Brazilian troops enlisted to fight unprecedented wildfires in Amazon rain forest

Thousands of Brazilian troops entered the fight Saturday to battle the worst wildfires in the Amazon in years, even as European leaders huddled to discuss a strategy for dealing with the country’s embattled leader, President Jair Bolsonaro.

The right-wing Bolsonaro conceded to worldwide pressure in making some 44,000 troops available for “unprecedented” operations to put out the fires, many of which were started by loggers and ranchers, a bloc that supports the right-wing president.

The military will use two C-130 Hercules aircraft capable of dumping up to 3,170 gallons of water on fires in six Brazilian states: Roraima, Rondonia, Tocantins, Para, Acre and Mato Grosso.

As the blazes expanded beyond the agricultural land they were intended to burn this week, international leaders and ordinary citizens pressed Bolsonaro to act.

But he initially resisted sending the military, calling the worldwide concern “sensationalist” and reflecting a “colonialist mentality.”

His reluctance had European leaders plotting behind the scenes at the G7 Summit in Biarritz, France, to pressure him.

During a tete-a-tete that was unknowingly caught on tape, German Chancellor Angela Merkel said she would call Bolsonaro next week “so he gets the impression that we are not working against him,” Bloomberg reported.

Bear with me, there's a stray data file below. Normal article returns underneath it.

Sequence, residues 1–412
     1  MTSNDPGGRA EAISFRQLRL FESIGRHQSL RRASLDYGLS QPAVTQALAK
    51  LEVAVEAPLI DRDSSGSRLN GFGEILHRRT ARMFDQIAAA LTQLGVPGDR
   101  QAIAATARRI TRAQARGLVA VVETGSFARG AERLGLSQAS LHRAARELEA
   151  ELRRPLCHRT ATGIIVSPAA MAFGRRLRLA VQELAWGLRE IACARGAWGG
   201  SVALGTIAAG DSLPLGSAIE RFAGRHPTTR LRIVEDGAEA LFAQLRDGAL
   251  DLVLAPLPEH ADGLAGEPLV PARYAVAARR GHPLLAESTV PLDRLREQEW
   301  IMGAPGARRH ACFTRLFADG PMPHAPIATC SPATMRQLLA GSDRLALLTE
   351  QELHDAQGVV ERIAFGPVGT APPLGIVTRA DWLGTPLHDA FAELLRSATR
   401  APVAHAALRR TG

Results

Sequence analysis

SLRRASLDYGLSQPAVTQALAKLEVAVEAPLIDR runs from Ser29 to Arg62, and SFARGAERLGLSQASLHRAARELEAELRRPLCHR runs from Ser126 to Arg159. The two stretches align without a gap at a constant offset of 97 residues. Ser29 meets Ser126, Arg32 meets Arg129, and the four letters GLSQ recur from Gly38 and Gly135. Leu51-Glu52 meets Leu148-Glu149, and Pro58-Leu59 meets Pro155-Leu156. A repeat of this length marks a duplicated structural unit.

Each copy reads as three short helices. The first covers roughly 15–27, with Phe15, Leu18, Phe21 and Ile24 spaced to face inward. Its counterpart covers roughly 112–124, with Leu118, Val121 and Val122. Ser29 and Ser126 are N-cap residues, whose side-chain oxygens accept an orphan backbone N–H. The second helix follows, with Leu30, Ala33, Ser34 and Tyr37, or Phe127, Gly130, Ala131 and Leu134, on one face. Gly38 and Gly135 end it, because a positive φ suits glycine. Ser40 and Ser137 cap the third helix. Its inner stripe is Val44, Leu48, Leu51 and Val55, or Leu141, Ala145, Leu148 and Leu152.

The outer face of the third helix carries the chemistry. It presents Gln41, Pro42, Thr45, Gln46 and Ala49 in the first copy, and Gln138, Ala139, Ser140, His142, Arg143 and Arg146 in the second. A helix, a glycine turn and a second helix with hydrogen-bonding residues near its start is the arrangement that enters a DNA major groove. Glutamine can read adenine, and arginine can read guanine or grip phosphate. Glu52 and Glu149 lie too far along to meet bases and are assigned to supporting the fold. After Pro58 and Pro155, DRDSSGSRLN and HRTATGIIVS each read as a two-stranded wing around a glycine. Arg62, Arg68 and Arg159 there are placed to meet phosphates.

UK Prime Minister Boris Johnson and French President Emmanuel Macron backed her plan.

It was unclear how European leaders would respond to Bolsonaro’s decision to deploy troops. He said he was “speaking to everyone” about the problem.

Bolsonaro has accused Macron of politicizing the issue by making the Amazon and broader climate issues a more important part of the G7 Summit agenda.

Bolivia and Paraguay are also trying to contain fires that swept through woods and fields, in many cases also set to clear land for farming. A U.S.-based B747-400 SuperTanker is flying over Bolivia to help put out the fires and protect forests.

Defense Minister Fernando Azevedo acknowledged President Donald Trump’s offer in a tweet to help Brazil as well, but said there had been no further contact on the matter.

Fires are common in Brazil in the annual dry season, but they are more widespread this year. Brazilian experts reported nearly 77,000 wildfires across the country so far this year, up 85% over the same period in 2018.

It is unclear how much of what is burning was already deforested for agriculture.

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